It was October 19, 2014. I was sitting in the noisy Merced Amtrak Station, waiting for the bus to take me back home to Sacramento, California. Fresh from a 50-day High Sierra Instructor Development course with Outward Bound California (OBCA), I was still covered in mountain dust. The immensity of the experience had just begun to settle in.
50 days. I had no idea that 50 days with Outward Bound – living, traveling and learning in the wilderness – would change my life in so many ways.
Months before, I had nearly finished my third season as a raft guide on the American River when uncertainty began to creep in. What would I do with my life after the season ended? What was my next move? I remembered hearing about Outward Bound in a college class, and I began to do my research. The more I learned about the outdoor education program, the more interested I became.
Outward Bound California describes the 50-day Instructor Development course as an “outdoor tour de force” along California’s 400-mile Sierra Nevada Mountain Range – known as the “Range of Light” – filled with granite domes, steep peaks and alpine lakes. On this intense semester course, I would not only acquire technical skills like rock climbing and mountaineering, but I would also get my Wilderness First Responder certification and also get hands-on experience teaching and leading a group in the outdoors. It was the door that I never knew I would open – but once I stepped through the threshold, there was no turning back.
I decided to sign up for the Instructor Course. My only hesitation? The cost. River rafting guides generally don’t have $7,000 in savings, earmarked for a semester course with Outward Bound. But, as luck would have it, the OBCA Instructors and staff had raised funds for an additional scholarship for someone just like me – an individual committed to spending the next 50 days learning and growing, who also demonstrated financial need. I’m grateful to the generous OBCA folks who made it possible.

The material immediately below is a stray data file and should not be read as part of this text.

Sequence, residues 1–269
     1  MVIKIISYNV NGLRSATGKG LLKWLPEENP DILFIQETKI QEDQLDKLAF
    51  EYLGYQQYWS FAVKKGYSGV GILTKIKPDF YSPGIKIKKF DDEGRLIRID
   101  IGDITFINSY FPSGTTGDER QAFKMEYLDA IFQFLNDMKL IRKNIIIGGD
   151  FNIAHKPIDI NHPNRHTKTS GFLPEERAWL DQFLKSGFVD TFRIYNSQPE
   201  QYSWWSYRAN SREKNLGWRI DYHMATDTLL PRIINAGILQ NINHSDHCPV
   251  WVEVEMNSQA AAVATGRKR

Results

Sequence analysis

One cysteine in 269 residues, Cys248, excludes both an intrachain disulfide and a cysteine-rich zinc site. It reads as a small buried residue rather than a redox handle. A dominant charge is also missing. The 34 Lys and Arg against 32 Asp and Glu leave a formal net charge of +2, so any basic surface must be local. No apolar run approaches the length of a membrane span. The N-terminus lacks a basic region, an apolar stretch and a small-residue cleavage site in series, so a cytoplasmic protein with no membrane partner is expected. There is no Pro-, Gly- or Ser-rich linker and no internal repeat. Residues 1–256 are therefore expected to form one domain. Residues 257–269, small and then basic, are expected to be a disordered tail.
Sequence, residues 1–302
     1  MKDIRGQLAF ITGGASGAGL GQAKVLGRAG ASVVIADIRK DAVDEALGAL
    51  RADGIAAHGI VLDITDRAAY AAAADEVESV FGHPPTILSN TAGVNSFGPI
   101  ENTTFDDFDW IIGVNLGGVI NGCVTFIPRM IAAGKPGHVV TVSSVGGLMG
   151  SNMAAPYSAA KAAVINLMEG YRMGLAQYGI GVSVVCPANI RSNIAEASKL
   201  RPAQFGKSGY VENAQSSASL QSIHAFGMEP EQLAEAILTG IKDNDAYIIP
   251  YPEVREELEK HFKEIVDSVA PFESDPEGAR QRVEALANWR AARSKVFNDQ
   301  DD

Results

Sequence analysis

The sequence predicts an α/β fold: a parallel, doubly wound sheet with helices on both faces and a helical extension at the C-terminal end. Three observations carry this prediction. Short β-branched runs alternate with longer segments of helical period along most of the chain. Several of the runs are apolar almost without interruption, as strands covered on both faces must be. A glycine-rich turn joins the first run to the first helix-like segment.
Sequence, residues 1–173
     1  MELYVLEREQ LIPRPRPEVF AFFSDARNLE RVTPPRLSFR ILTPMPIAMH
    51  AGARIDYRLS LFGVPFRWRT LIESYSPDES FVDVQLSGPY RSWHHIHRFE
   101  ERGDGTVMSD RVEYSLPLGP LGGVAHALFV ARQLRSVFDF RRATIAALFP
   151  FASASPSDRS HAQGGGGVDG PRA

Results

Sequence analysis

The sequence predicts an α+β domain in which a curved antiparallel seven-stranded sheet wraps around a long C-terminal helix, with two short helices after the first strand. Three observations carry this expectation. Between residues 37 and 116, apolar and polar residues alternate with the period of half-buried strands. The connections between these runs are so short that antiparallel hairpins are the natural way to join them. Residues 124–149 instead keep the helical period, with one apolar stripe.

As we moved through the various phases and geographical areas of the course – from backpacking to rock climbing to mountaineering to practicum and Wilderness First Responder and CPR certification, we faced many challenges, both mentally and physically. We spent hours painstakingly navigating through endless talus fields that threatened to roll our ankles at every step. We persevered through 4 am wake up calls and fourteen-hour days on our feet so that we could make it over a high mountain pass or to the top of a peak before the unpredictable High Sierra weather made it impossible.
My crew pushed ourselves further than many of us had ever pushed before, and the places that trail took us were beyond words. I remember standing on top of Mount Goddard, the highest point in the Sierra and Sequoia Kings National Forests, on the 40th day of my course. Not only was I surrounded by one of the most amazing views of my life, but I was standing among six inspiring human beings who had embarked on this journey with me and had quickly become my family. Six people who challenged me to learn and grow, who inspired me to keep going through the hardest of the challenges, and who taught me what it means to be compassionate.
Nine days later, as I sat at that Amtrak station in Merced, I knew that Outward Bound was going to play an even bigger role in my life.
Today, in the summer of 2015, I am an Assistant Instructor with Outward Bound California. I was surprised by how smooth the transition from student to Instructor was for me. Not only did the course allow me to enter into the Outward Bound community with 50-days of technical experience, but it also instilled in me a strong understanding of the organization’s key values. As a student on the Instructor Development course, I was able to practice facilitating a group; assessing and managing risk; and organizing complex, dynamic situations. All of these things are integral to my career as an Outward Bound Instructor – and they will continue to inform my personal life, as well.
Even more valuable, my participation in the Instructor Development course granted me the ability to approach each new crew I lead with an understanding of what the students actually go through and how profound an effect one Instructor can have on the crew. My firsthand experience as a student helped me truly understand the value and power of Outward Bound design principles.
As I lean forward into a summer of Outward Bound instruction, and a future in the great outdoors, I think back to the first day of that 50-day course, and the promise and potential it held.
You too can transform from an outdoor enthusiast to outdoor educator by taking a 50-day Instructor Development course in the breathtaking High Sierras. To see available courses and dates, go to http://www.outwardbound.org/course/high-sierra-instructor-development/344/. Spots and scholarships are still available – and we’d love to share in your next big adventure.
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